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Illustration by Erick M Ramos

We are heading to a cottage. A rental. Two plus years into a pandemic, my husband and I are thankful for the four plus walls of our home, but are weary of looking at them. Possibly weary of looking at each other, too. Reading, hiking, local beers, patio tables. Just the ticket for our summer escape.

Taking along a second dog for the first time reduces the storage capacity of the car. To be fair, the car has the same amount of space. It just fills up. Quickly.

I limit myself to four books. Jeanine Cummins’ American Dirt. Katharine Hayhoe’s Saving Us. Michelle Good’s Five Little Indians. This confirms the observation of a friend, “You don’t do fluff.” Or male authors, apparently. Even Grace Paley’s collection, the fourth book, is being read with purpose; to better understand the structure of a good short story. In the hopes of writing one.

During the day I read about immigration, climate change and residential schools; important, well-written books. But in the minutes between brushing my teeth and taking the dogs out one last time, I flip through the magazines left in a basket on the porch. Greig’s Caves, Flowerpot Island, the Cabot Head Lighthouse. Then, Cottage Life, At the Cottage, Cottage Tips.

There are modest differences in the names of the cottage magazines, but the content is similar: ads for chainsaws, articles about foundation repairs, advice for catching smallmouth bass. None of these provides a campfire I can dance around until I see a fancy recipe for s’mores and a list of suggestions vis-à-vis guests. I check the cupboard for the necessary ingredients while doing the math to figure out how long it’s been since I visited someone’s cottage. Twenty years.

Sure, there’s an upside to accepting an invitation. Coffee on a dock, kayaking among lily pads. But the downside? I spend the entire time trying to figure out the rules. Does the day begin at 6, 8 or 10 with everyone helping themselves to granola? Or, is breakfast a sit-down affair at 6, 8 or 10 with fresh blueberries folded into pancakes? Who picks the fruit? And washes the spatula? “We all pitch in.” Yeah, that works for the ones who lounge in rowboats and Muskoka chairs with fishing rods and crime novels; it serves the ones who search for that elusive spot where, if you stand on your left foot and reach your right arm high enough a phone connects to a nearby tower. The rest of us are left to work. And serve.

The cottage magazines recognize this dilemma, though the advice is inconsistent. One article recommends being clear at the outset. The arrival time, the departure time, the house rules. Another article takes a casual approach. Hosts are encouraged to refuse offers of groceries and supplies; this prevents amassing a surplus of everyday items as well as jars of unpopular, regifted jam. But this laissez-faire attitude takes a detour in the final paragraph with the derision of anyone who appears with homemade wine or fresh flowers; of anyone who did not realize they should purchase a generous gift card for gas.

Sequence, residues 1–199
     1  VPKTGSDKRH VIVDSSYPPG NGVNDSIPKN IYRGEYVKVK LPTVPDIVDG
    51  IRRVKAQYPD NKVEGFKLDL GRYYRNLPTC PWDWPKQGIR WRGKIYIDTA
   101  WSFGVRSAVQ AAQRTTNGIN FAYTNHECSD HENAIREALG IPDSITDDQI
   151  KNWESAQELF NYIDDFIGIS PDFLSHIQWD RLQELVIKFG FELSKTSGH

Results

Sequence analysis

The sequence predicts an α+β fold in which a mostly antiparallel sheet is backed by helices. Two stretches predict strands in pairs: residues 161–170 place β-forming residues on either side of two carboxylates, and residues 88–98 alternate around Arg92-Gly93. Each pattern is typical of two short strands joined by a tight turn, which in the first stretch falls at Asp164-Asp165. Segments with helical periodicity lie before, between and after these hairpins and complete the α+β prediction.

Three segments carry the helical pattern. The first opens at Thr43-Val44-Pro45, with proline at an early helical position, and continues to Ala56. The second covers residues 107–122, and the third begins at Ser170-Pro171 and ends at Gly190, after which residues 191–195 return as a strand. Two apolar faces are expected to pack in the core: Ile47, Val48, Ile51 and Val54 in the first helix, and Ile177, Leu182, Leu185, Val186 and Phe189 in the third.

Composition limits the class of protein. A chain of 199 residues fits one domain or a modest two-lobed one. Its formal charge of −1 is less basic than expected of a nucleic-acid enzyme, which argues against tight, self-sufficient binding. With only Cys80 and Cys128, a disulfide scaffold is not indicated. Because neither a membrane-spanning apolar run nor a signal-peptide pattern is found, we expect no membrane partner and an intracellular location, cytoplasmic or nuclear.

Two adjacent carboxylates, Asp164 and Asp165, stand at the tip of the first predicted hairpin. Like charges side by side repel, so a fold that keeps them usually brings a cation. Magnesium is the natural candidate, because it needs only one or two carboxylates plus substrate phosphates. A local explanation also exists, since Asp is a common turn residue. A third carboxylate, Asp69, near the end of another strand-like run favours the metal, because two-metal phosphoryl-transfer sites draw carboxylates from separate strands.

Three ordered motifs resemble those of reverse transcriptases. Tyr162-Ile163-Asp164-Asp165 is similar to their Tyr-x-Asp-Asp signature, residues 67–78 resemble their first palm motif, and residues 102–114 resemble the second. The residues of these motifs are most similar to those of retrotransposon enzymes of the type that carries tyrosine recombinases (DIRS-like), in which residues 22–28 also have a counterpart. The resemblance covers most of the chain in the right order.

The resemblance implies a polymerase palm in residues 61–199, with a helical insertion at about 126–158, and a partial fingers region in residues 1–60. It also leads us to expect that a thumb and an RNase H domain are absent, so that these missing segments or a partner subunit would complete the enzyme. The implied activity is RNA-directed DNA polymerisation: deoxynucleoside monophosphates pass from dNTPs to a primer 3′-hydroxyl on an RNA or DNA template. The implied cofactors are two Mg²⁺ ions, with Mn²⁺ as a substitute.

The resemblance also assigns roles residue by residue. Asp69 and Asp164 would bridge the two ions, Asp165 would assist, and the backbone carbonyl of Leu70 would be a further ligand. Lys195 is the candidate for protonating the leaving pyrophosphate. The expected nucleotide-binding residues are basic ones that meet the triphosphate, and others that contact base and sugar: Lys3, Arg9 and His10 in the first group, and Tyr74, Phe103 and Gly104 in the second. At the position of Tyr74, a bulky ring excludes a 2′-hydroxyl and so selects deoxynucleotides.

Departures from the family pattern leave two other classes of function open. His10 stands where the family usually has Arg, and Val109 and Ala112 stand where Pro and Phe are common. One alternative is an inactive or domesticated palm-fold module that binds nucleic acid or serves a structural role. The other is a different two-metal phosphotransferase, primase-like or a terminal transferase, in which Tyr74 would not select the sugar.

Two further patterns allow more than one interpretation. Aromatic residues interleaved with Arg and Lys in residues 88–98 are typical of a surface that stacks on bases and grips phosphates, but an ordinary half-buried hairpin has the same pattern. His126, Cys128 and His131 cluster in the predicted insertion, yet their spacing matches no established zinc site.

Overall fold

Rising time, chores, gifts. As if those weren’t enough, there are projects: roofs to reshingle, decks to stain, weeds to yank out of the lake. Every cottage host spends part of their holiday “in Tjart mode”; a family catchphrase that uses my mother-in-law’s surname to describe anyone working flat-out on household tasks. Like she did. It’s not always clear how much to help and reading the non-verbal clues is exhausting; I suspect there’s a direct correlation between the frequency of “You’re here to relax!” and the expectation of assistance. Had I wanted to accomplish a lot, I have a long list of my own. At home.

But during my last cottage sleepover it was bridge that became the breaking point. The host was keen and needed a fourth. I knew how to play rummy and crazy eights. How hard could it be? Trump! Bid! Raise! Very hard and, in spite of reassurances to the contrary, bridge is taken very seriously. Always. It was after 2 a.m. when the game ended. The youngest children woke up four hours later. I stumbled to the kitchen, set the Kellogg’s fun pack of cereal on the counter before realizing the previous night’s hot chocolate had depleted the supply of milk. These kids did not care. Mine might, but they were still asleep.

Subsequent invitations to cottages have been declined. When I need a vacation, I pack up my coffee-wordle-dog-walk-write routine and reserve an Airbnb. People say I’m set in my ways, as if it’s a bad thing. But everyone has a rhythm; every cottage owner, too. By the time I crack the code, it’s time to leave. Sorry, not sorry.

A close friend takes no offence; after several summers of listening while I fumble with excuses, she simply says, “Give me a shout if you change your mind.” She smiles when I reply, “Okay,” because we both know I won’t.

Marg Heidebrecht lives in Dundas, Ont.

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